Dallas businessman Thomas Hartland-Mackie was surrounded by friends and well-wishers on Thursday, September 20, at The Bomb Factory. There, about 550 people had gathered for an evening event called “Impact: Celebrating 10 Years of Homeless Recovery.” The well-wishing was well-deserved, as Thomas and his wife, Nasiba, not only chaired but also underwrote all costs for the celebration marking the first decade of The Bridge, the only homeless recovery center in Dallas that’s open to all adults experiencing homelessness.
The Hartland-Mackies, it seems, were introduced to The Bridge by their friends Jennifer and Tom Karol, who had received the shelter’s Bridge Builder Award in 2014. After touring the shelter in downtown Dallas, which has provided day shelter for nearly 42,000 individuals over the years, “I realized how big a role mental health plays in homelessness, and that’s something we as a family are familiar with,” Thomas said, referring to a grandparent who was manic depressive. He observed first-hand the pitfalls of the current system for the homeless mentally ill and thought, “There’s gotta be a better way. The question was, how do we do a better job of impacting it?” Thomas went on. “It’s going to take a lot of people coming together.”
Many of those people were in attendance at The Bomb Factory, a popular event space in Deep Ellum. Among them: Thomas’ mother Georgina Hartland, Shannon Wynne, Sue and Jimmy Gragg, Joyce Goss, Jessica Nowitzki, Kelly and Gerald Ford, Kourtny Garrett, Nick Even, Donald Fowler, Myrna and Bob Schlegel, Cindy and Howard Rachofsky and Allan McBee. Alas, Allan’s better half Lynn McBee, chair of The Bridge board of directors, had to miss the celebration due to illness. What she missed included plenty of food and drink, a VIP party, an after-party with DJ Souljah, and a featured performance by Jewel, a multi-platinum singer-songwriter who as a teenager was homeless for a while in Southern California.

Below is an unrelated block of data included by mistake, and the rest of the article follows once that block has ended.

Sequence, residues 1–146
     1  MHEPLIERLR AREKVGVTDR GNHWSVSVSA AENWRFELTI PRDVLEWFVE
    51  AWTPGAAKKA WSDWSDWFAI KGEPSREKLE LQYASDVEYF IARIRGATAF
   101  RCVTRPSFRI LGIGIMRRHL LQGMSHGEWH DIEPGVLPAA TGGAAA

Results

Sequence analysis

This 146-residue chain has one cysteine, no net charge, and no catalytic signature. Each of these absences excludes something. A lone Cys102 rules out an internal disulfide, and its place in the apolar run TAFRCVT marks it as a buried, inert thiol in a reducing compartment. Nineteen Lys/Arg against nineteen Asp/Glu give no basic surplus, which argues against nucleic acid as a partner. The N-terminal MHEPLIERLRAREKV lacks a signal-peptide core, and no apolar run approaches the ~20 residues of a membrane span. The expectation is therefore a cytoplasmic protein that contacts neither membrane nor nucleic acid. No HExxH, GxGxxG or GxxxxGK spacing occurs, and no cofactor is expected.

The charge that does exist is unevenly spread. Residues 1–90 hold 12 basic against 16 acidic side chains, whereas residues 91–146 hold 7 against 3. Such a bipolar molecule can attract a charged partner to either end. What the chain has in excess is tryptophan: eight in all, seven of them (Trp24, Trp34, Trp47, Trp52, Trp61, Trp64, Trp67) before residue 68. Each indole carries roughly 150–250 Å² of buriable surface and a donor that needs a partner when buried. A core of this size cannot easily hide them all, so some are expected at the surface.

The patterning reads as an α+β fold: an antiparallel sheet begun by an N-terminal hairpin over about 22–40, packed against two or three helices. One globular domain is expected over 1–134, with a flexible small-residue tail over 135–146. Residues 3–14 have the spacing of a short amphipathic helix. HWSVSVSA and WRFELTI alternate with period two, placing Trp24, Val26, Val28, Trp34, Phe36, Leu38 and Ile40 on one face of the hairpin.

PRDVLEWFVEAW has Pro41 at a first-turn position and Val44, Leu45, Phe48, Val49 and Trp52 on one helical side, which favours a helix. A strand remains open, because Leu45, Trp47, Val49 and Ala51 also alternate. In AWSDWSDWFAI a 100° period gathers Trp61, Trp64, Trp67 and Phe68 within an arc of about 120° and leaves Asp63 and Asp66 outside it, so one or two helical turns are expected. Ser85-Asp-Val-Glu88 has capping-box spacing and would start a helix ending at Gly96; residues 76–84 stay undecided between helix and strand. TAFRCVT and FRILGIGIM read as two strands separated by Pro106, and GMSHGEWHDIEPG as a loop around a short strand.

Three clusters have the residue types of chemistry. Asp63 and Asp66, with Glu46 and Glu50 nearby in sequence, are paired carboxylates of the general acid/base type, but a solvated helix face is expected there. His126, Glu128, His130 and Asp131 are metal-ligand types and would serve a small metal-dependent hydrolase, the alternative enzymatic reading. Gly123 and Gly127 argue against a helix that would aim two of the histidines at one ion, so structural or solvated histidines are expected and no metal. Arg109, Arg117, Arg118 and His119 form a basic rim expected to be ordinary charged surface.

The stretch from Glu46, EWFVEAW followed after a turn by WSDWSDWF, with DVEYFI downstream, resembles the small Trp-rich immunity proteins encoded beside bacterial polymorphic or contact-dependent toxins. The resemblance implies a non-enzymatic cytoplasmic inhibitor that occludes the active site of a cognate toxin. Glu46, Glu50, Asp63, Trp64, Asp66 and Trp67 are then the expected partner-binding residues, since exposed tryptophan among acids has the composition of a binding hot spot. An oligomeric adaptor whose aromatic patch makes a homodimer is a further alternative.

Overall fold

Jewel, who was hand-picked to perform by Thomas and Nasiba, would appear after Jane McGarry, the event emcee, and David Woody III, president and CEO of The Bridge, helped set the stage for presentation of the organization’s 2018 Bridge Builder Awards. This year’s awards went to The Meadows Foundation, Sarah Losinger, and Judy Noble. A little later, after a talk by the Hartland-Mackies and a super-slick video about The Bridge was shown, Jane gave a nice build-up and, her voice rising with excitement, announced, “Please welcome Jewel to our stage!” Someone must have missed a cue, though, because, instead of Jewel, some guy sauntered out onstage holding a guitar, another fiddled around some with the keyboards, and “(I Can’t Get No) Satisfaction” by the Rolling Stones blared out through the hall. Finally, several long minutes later, Jane announced Jewel again … and this time the performer materialized.
After opening with an a cappella version of “Somewhere Over the Rainbow,” the Alaska-born blonde launched into a long story about her personal travails growing up. The tale included her mother, who left the family when Jewel was 8, a father who suffered from PTSD following military service in Vietnam, and her homeless stint on the streets of San Diego. “Happiness depends on what you think,” Jewel counseled the big crowd, “not what you are.”
The 10th anniversary celebration for The Bridge, which provides a safe place for 250 people to sleep each night, was presented by The McManemin Family Fund of the Communities Foundation of Texas and Nancy C. and Richard R. Rogers.
* Photo credit: Kristina Bowman